I really really really want her to eat fruits and veggies. But honestly it's getting annoying cutting up something for her, and it just goes to waste. Many people say, some hedgehogs are just so picky that they refuse anything but what they are used to. Despite the fact that she probably would love bananas or berries or cilantro, she just refuses to try them.

I hope the Science Diet is appropriate.. It was very high fiber, but also has chicken byproduct meal.. can't seem to win. ugh!
 

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Zoo Keeper
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1,367 Posts
For my kitten I am going to be using Blue buffalo it has a great ingredient list you may want to take a look at it.
 

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she-mayor of Whoville
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289 Posts
Discussion Starter · #26 ·
For my kitten I am going to be using Blue buffalo it has a great ingredient list you may want to take a look at it.
Yes, I chose Blue to be part of Izzie's diet because of the completeness of the nutrients. If it's that good for cats, then ****, must be good for hhogs too.
 

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Zoo Keeper
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I thought you said you were using science diet.
 

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is a little "special"
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4,131 Posts
I also feed her Blue Buffalo and Iams Kitten. She has a great variety, which now includes FIBER!!!!!!


She said she was feeding Iams and Blue Buffalo earlier. ;)
 

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Resident Zoologist
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262 Posts
Although Erinaceids are omnivorous, they are mainly insectivorous, so higher protein, very low fat, as well as some fruits, etc (try to be as locality-specific as possible). Earthworms and grubs are an excellent choice for the former part of the diet.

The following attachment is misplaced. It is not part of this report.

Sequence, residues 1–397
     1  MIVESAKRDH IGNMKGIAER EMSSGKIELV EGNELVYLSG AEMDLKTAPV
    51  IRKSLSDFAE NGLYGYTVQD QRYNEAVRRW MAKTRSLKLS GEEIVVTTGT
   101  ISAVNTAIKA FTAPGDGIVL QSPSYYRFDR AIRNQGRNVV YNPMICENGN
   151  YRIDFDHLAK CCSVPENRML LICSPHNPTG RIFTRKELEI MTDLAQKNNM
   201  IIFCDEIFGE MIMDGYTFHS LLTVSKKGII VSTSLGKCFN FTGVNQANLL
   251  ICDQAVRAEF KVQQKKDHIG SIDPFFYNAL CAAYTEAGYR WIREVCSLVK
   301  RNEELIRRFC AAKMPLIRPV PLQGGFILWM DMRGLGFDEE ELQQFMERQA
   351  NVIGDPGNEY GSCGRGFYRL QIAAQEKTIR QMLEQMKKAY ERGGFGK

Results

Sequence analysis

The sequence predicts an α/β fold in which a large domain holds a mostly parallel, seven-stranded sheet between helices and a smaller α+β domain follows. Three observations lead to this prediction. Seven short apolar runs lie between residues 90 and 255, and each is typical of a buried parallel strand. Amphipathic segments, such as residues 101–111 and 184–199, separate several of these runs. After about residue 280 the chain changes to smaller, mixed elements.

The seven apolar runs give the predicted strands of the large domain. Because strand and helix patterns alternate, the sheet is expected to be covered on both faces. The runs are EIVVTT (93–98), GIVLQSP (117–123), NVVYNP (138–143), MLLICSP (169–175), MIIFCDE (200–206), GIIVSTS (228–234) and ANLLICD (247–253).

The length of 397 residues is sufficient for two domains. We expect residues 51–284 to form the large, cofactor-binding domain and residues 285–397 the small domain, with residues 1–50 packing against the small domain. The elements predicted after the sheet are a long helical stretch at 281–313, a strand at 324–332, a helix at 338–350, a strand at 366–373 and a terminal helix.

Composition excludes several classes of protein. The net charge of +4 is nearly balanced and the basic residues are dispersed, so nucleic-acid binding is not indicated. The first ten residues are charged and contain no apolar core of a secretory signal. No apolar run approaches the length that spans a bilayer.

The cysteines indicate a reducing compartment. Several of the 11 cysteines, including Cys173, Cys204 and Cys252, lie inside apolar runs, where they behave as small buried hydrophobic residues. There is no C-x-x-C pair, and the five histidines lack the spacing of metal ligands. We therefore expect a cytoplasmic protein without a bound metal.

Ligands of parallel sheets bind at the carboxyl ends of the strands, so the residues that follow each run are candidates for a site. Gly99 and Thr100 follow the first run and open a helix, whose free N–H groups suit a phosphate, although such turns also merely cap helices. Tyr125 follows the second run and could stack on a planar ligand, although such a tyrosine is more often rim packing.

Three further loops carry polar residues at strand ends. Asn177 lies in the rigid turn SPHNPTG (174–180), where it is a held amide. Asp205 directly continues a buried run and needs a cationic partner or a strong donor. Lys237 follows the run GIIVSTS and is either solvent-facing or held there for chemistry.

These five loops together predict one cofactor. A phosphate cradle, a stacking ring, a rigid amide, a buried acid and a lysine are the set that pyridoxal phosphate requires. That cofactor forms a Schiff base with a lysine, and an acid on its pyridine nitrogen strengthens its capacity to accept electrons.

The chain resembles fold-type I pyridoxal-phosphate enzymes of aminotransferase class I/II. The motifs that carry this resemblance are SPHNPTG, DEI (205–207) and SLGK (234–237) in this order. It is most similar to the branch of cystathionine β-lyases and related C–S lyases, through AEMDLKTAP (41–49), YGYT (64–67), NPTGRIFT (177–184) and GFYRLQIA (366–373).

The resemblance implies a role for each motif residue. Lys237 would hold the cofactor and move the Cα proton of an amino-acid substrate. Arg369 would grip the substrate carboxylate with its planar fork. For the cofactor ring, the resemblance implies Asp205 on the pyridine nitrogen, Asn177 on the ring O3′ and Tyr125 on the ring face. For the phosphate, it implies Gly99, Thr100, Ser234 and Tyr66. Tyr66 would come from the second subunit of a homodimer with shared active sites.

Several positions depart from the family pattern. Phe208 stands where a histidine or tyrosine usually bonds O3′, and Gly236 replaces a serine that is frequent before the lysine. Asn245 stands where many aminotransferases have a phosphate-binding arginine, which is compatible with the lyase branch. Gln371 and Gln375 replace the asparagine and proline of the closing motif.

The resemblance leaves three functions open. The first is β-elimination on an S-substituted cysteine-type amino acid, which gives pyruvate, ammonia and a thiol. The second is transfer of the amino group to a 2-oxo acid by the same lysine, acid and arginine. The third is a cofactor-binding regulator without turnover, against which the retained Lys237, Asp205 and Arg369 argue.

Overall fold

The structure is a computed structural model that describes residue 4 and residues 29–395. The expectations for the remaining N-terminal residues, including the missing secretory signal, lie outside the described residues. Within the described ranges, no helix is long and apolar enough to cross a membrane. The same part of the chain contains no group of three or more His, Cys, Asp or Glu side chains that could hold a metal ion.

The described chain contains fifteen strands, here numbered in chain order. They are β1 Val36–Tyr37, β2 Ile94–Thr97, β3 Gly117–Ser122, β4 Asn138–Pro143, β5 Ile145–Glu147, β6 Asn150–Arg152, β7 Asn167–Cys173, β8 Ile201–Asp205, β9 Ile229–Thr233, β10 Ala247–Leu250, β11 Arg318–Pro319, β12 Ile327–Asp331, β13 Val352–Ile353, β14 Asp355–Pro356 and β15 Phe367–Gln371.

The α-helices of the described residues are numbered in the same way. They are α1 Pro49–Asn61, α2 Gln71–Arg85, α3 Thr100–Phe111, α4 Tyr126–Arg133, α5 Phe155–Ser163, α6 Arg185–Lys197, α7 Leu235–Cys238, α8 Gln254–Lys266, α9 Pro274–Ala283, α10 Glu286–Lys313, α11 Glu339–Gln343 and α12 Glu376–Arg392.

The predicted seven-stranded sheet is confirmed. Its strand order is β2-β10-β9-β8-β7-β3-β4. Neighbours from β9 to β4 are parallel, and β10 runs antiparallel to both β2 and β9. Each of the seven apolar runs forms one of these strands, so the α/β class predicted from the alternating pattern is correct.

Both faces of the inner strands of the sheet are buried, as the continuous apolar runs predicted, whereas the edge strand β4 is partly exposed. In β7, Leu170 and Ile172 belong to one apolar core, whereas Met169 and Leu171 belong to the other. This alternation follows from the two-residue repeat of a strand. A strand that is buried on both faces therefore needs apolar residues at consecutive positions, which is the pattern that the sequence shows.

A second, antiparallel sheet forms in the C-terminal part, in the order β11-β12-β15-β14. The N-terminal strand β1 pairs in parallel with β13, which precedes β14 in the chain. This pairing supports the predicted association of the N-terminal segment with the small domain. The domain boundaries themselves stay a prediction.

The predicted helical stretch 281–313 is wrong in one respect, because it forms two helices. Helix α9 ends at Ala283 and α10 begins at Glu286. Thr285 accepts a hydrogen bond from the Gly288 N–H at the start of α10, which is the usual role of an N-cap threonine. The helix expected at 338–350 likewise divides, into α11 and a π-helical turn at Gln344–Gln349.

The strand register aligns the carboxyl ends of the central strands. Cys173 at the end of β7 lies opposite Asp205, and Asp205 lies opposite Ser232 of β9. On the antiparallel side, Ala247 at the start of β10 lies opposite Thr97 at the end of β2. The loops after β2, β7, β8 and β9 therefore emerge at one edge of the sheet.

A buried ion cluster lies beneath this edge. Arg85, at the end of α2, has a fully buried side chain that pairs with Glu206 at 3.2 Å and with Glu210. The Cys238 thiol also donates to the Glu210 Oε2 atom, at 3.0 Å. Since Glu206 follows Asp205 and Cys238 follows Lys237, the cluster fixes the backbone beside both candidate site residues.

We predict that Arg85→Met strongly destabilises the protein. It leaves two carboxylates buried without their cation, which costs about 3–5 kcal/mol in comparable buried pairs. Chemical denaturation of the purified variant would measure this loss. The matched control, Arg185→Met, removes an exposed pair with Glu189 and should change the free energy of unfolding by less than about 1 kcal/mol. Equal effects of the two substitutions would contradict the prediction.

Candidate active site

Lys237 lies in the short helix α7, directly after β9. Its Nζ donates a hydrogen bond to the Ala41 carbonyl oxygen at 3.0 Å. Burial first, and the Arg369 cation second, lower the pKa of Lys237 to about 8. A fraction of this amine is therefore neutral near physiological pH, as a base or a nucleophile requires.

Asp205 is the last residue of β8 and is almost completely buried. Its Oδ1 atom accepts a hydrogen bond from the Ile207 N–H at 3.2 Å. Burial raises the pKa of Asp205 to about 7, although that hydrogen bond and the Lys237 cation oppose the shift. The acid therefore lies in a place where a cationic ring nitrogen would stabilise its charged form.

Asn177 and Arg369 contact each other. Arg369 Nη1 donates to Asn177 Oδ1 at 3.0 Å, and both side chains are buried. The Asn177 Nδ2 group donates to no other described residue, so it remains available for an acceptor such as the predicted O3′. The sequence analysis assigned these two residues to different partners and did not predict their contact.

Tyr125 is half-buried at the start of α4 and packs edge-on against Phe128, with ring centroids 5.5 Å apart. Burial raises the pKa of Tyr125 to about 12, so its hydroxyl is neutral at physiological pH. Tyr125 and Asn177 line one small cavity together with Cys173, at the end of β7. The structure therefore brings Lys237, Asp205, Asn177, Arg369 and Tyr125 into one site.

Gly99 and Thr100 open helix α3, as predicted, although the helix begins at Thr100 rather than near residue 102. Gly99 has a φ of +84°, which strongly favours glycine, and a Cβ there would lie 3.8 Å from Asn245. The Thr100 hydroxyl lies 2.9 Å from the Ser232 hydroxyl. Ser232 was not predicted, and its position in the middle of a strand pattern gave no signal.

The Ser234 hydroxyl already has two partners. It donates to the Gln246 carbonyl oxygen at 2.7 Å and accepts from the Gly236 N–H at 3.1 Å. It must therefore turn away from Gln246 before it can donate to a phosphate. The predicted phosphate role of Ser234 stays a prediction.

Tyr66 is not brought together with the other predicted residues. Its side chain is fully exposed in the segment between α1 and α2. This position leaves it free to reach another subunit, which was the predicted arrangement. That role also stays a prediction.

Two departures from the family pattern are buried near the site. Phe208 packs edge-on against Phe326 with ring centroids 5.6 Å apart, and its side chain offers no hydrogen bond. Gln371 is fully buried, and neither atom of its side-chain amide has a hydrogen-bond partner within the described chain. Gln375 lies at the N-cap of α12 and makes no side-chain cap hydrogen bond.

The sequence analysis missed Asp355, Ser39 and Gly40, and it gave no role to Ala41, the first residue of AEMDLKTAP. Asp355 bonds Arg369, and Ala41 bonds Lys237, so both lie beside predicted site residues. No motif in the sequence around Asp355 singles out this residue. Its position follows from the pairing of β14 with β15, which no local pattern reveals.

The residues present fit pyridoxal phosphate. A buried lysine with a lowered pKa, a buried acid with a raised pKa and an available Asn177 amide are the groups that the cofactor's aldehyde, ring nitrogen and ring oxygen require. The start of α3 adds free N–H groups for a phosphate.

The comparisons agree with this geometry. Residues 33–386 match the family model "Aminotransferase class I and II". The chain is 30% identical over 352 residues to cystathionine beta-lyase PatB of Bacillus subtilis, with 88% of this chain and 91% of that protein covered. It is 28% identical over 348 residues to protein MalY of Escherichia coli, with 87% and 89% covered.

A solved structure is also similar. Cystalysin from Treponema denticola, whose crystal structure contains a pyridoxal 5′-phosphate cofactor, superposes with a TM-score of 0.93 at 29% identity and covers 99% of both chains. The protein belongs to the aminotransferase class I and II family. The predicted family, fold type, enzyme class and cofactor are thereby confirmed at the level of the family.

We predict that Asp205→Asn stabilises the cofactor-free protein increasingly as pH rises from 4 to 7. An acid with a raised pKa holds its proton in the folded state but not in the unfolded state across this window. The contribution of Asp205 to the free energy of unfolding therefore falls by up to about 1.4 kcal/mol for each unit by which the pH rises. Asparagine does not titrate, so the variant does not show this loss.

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she-mayor of Whoville
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289 Posts
Discussion Starter · #31 ·
Although Erinaceids are omnivorous, they are mainly insectivorous, so higher protein, very low fat, as well as some fruits, etc (try to be as locality-specific as possible). Earthworms and grubs are an excellent choice for the former part of the diet.
Is it okay to dig up worms? I keep hearing that we are not supposed to go out and catch bugs and worms from the wild because there are pesticides and whatnot that could harm her.
 

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is a little "special"
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Yeah, I wouldn't catch wild bugs. They can have nasty parasites too.
 

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Resident Zoologist
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262 Posts
Is it okay to dig up worms? I keep hearing that we are not supposed to go out and catch bugs and worms from the wild because there are pesticides and whatnot that could harm her.
Yes and no....it really depends on where you are harvesting. For years, I harvested earthworms for my fish and reptiles, but it was from land that I knew to be pesticide-free for decades.

That being said, you can start a vermicomposter....a great way to compost and rear your own, safe worms year-round.
 

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she-mayor of Whoville
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289 Posts
Discussion Starter · #34 ·
Yes and no....it really depends on where you are harvesting. For years, I harvested earthworms for my fish and reptiles, but it was from land that I knew to be pesticide-free for decades.

That being said, you can start a vermicomposter....a great way to compost and rear your own, safe worms year-round.
Hmm interesting idea. I'm in chicago so I doubt any land around here is safe. But this vermicomposter thing .. I'll have to look that one up and see if I could do it!